Mental health issues

What is a mental health issue?

A mental health issue interferes with a person’s cognitive, emotional or social abilities.

There are different types of mental health issues and each of these can occur with a varying degree of severity . Examples of these can include:

Just because someone has not been diagnosed with a mental health condition, it does not necessarily mean that their mental health is flourishing. Likewise, it is possible to be diagnosed with a mental health condition while feeling well in many aspects of life.

When individuals experiencing a mental health issue receive the right combination of treatment and support, and when they have a voice in decisions concerning their care, they often can and do recover to optimal mental health.

What causes mental health issues?

There is no single cause for mental health issues. A number of factors which result from interactions between the mind, body and environment contribute to developing a condition.

The various, and often complex factors that impact our mental health and wellbeing are often defined as either a risk factor or a protective factor. Risk factors adversely impact a person'e mental health while protective factors strengthen a person's mental health and work to improve a person’s ability to cope with difficult circumstances. Risk and protective factors are influenced by all areas of life – psychological, social, environmental, cultural and situational factors.

Similar life events can have very different impacts on different individuals, depending on what else is happening in their life at that time, their resiliency and their ability to learn from life’s challenges.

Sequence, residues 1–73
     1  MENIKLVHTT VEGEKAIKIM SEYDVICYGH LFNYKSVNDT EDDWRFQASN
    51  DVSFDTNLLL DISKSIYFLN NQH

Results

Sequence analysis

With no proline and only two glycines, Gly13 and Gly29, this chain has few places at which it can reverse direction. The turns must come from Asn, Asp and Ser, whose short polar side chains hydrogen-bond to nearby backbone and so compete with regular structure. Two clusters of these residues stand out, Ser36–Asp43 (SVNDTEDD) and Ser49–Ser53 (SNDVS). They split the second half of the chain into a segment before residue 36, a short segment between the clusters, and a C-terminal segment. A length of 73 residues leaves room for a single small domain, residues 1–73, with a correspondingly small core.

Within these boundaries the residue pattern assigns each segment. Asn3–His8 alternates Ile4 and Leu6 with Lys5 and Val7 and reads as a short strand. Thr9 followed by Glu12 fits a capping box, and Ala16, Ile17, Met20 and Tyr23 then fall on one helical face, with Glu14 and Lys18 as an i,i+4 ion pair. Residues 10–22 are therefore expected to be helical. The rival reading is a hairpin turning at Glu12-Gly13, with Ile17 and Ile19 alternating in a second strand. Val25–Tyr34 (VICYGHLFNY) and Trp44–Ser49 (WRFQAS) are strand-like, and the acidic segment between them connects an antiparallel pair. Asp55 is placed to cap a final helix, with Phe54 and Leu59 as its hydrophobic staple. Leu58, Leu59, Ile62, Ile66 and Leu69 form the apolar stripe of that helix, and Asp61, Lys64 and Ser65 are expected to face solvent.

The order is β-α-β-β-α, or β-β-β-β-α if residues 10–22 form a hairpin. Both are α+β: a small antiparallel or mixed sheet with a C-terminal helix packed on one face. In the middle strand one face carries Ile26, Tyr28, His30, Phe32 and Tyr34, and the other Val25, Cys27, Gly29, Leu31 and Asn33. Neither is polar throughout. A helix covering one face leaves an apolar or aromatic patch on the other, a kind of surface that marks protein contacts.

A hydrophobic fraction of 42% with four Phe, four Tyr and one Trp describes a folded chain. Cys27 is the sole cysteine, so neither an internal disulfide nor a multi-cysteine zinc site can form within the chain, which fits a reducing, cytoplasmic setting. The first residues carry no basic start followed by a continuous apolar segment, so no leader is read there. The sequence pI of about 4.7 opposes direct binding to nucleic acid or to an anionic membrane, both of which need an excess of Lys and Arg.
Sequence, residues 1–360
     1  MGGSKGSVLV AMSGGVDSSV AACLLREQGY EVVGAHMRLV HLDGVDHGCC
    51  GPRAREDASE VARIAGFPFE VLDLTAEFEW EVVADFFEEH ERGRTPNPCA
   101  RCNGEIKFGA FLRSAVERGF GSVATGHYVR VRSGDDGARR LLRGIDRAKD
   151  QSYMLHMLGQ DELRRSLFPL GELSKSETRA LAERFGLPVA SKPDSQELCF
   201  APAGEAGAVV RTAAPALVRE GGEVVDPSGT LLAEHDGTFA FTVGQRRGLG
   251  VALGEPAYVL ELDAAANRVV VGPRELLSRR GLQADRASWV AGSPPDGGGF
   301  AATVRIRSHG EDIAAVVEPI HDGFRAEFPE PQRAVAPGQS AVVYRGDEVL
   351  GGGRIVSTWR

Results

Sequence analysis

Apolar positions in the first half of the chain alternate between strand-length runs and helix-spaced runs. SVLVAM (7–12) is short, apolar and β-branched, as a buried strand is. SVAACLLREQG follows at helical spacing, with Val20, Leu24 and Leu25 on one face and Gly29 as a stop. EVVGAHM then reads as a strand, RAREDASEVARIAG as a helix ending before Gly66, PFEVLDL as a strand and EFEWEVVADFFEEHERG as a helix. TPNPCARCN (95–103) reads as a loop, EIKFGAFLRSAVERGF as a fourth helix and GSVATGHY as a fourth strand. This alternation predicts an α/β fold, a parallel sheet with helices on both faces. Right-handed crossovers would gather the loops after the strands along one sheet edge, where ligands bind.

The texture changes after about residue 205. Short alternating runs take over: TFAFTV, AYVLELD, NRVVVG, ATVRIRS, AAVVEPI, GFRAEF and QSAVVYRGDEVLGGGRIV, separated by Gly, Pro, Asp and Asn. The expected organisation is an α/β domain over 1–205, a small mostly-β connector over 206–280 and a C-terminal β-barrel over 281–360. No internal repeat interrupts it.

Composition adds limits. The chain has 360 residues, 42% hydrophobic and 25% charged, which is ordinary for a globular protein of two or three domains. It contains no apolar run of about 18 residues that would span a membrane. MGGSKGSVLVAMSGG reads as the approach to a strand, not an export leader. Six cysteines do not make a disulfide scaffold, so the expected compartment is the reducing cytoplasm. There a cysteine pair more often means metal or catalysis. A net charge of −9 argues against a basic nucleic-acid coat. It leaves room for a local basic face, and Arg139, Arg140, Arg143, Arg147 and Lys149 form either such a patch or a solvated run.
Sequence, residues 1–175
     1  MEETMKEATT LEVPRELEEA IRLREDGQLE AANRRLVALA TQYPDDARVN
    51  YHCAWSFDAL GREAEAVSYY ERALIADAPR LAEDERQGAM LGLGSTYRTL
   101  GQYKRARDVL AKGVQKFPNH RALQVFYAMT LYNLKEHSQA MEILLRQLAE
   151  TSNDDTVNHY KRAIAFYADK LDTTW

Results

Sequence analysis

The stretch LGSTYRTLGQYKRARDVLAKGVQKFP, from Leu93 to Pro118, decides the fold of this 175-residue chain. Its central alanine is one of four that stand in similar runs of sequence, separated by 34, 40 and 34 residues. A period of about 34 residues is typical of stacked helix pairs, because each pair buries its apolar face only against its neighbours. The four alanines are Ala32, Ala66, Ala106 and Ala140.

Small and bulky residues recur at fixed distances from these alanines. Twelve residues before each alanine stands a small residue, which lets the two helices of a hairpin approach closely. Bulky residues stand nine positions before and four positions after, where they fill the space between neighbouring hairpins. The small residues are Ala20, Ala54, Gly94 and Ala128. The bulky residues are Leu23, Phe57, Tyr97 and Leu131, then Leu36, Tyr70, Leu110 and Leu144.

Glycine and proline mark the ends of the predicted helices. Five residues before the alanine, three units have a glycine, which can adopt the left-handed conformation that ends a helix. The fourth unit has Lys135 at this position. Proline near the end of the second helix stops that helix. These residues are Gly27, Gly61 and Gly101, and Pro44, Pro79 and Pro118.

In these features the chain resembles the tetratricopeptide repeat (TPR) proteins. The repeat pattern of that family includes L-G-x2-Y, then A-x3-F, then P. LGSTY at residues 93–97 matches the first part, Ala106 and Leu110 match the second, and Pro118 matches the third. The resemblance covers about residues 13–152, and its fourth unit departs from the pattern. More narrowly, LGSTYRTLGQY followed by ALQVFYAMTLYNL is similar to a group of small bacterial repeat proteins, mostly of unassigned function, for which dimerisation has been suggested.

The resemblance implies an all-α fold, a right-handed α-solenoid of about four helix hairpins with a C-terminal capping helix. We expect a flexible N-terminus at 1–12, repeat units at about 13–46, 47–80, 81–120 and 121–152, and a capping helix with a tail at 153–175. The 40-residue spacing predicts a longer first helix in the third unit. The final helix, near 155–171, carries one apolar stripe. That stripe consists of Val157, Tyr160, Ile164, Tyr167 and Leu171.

Examples of risk factors include:

  • genetic predisposition 
  • homelessness and unemployment
  • alcohol and other drug use
  • discrimination and racial injustice
  • family conflict or family disorganisation 
  • stressful life events

Examples of protective factors include:

  • personal attributes, including the ability to cope with stress, face adversity and problem-solving skills 
  • physical health and healthy behaviours 
  • physical activity levels
  • social support and inclusion 
  • strong cultural identity and pride 

Achieving and maintaining good mental health requires building protective factors, minimising risk factors and breaking down barriers to seeking help. 

Mental health is not as simple as being well or unwell. It can be viewed as a continuum, where individual optimal mental health is at one end – represented by feeling good and functioning well – while mental health issues are at the other – represented by changes in common thoughts, feelings or behaviours. Over the lifespan, a person may move through different points between optimal mental health and wellbeing, to being unwell, and through to recovery.

If you need someone to talk to, see Getting help.